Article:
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WILHELMY v. NORTHWEST AIRLINES

September 16, 1949

WILHELMY
v.
NORTHWEST AIRLINES



The opinion of the court was delivered by: BOWEN

Plaintiff, a passenger on one of defendant's airplanes, brought this action against defendant airplane carrier for alleged negligent injury to plaintiff's inner ear and throat and for other personal injuries alleged to have been caused by defendant's negligence in operating the airplane on which plaintiff was a passenger in such a way as to cause it to descend from a high to a low altitude at a too rapid rate of descent in connection with a scheduled landing of the airplane.

Defendant denies negligence and specifically further pleads as an affirmative defense that the ticket sold to plaintiff for the flight in question contained the provisions, 'Sold subject to tariff regulations' and that at the time of plaintiff's flight on defendant's airplane, there was an effective tariff duly filed, posted and published which provided in effect that no action should be maintained for personal injury to a passenger unless written notice of the claim is presented in writing to the defendant within 30 days after the occurrence of the injury and unless the action is actually commenced within one year after such occurrence, but that no such notice was given and the present action was not commenced with the times respectively provided in said tariff.

 Plaintiff contends, among other things, that such time limit requirements are invalid because not set out in the passenger ticket issued to plaintiff, and because the words 'Sold subject to tariff regulations' printed on the ticket do not give plaintiff legal notice of the specific time limiting provisions contained in the tariff, even if the latter was on file in defendant's office.

 Provisions in transportation contracts conditioning liability of the carrier upon giving notice of claim to it within 30 days after occurrence of the claim have been held valid in airplane passenger and other transportation. Indemnity Ins. Co., etc. v. Pan American Airways, D.C., 58 F.Supp. 338; Sheldon v. Pan American Airways, 190 Misc. 537, 74 N.Y.S.2d 578; Gooch v. Oregon Short Line R. Co., 258 U.S. 22, 42 S. Ct. 192, 66 L. Ed. 443; The Finland, D.C., 35 F.2d 47.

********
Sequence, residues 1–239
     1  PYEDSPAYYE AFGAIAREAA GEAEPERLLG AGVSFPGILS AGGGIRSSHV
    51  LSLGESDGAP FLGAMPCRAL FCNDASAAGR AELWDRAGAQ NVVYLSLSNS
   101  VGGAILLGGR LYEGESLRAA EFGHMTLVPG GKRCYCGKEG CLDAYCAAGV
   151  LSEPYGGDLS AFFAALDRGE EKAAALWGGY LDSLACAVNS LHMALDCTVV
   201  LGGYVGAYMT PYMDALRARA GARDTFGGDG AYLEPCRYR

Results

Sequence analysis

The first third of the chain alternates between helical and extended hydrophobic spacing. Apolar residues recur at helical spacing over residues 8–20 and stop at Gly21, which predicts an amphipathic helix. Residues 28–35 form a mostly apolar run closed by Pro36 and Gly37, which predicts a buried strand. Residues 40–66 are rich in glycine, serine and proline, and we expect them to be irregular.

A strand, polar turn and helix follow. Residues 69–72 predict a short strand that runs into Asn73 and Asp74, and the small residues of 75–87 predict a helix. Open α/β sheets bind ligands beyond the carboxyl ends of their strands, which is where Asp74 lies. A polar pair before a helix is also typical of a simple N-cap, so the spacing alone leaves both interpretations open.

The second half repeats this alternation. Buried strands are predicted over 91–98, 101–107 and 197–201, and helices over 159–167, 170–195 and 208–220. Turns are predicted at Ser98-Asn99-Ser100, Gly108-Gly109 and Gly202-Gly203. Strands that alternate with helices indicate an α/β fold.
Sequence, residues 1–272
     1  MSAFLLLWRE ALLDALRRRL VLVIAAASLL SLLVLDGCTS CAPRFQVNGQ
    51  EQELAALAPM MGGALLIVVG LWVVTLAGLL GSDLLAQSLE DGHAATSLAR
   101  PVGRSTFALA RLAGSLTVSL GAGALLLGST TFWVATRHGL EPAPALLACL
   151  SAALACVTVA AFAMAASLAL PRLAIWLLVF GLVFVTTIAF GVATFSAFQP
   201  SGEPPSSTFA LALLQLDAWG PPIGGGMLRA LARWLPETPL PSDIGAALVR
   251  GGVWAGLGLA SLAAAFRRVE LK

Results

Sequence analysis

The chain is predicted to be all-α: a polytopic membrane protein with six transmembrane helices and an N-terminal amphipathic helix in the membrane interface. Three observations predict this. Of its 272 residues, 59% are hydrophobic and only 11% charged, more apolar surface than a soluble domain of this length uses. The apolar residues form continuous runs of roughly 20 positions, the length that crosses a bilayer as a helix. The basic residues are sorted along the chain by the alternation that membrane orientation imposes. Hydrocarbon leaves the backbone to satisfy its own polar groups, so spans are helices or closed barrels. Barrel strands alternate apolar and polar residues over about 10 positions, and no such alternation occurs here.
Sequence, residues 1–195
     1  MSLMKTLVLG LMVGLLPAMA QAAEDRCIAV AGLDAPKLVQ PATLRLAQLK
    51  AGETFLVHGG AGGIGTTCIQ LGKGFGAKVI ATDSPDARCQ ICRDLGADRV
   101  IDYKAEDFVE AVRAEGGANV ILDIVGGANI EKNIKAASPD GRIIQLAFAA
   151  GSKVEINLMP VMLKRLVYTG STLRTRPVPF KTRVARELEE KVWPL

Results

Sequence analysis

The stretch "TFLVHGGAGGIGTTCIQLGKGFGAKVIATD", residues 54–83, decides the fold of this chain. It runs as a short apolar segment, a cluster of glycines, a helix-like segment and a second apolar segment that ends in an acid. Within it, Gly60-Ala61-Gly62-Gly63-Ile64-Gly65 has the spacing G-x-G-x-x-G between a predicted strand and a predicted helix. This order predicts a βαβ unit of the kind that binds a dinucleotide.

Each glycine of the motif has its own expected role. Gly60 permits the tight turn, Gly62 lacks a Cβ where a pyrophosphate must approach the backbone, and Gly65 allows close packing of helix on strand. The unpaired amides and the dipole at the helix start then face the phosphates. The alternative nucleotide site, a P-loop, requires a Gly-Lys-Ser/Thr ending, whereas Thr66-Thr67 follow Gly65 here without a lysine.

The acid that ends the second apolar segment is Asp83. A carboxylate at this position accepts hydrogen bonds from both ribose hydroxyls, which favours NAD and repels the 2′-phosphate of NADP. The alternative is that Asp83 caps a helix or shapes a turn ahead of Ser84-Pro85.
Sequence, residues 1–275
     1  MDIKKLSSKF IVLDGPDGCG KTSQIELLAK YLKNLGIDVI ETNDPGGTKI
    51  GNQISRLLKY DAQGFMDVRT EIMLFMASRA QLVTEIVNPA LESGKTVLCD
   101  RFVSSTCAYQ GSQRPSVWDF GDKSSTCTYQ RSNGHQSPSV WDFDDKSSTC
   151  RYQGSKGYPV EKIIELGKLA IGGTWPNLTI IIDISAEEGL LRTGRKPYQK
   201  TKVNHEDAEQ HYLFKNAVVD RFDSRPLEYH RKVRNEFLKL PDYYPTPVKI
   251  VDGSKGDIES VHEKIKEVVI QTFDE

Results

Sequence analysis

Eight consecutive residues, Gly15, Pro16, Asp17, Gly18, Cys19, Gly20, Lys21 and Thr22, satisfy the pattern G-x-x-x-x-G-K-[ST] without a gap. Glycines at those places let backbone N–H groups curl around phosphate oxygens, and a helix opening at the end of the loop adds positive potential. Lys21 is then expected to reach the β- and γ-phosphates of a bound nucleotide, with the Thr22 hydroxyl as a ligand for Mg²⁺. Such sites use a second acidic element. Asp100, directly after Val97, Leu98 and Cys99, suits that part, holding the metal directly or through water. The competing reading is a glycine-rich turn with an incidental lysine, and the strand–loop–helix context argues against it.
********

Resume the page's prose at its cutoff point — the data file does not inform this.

'The fair and reasonable meaning of the clause is that claims may not be enforced unless presented within thirty days. Any other construction would render the clause meaningless.' Sheldon v. Pan American Airways, 74 N.Y.S.2d 578, 579.

 I believe on the question of notice to plaintiff of the tariff regulation here in question this case is governed by the rule announced by the Supreme Court of the State of Washington in Jones v. Northwest Airlines, 22 Wash.2d 863, 157 P.2d 728. In that case, plaintiff purchased a ticket for transportation from Seattle on an eastbound plane, scheduled as Flight 6, from Seattle on a certain date. The defendant's plane departed with plaintiff as a passenger, as contemplated, but the flight was cancelled due to weather conditions at an intermediate station between the termini of the flight.

 In accordance with tariff regulations, plaintiff was refused passage on the next plane, contrary to his wishes, and he brought an action against the airplane carrier to recover damages incident to such refusal. Plaintiff's ticket had printed on its face 'Sold subject to tariff regulations'. One of such regulations which could have been seen by plaintiff at defendant's office provided in effect that the carrier could cancel any flight at any point at any time when the carrier deemed such action advisable and necessary.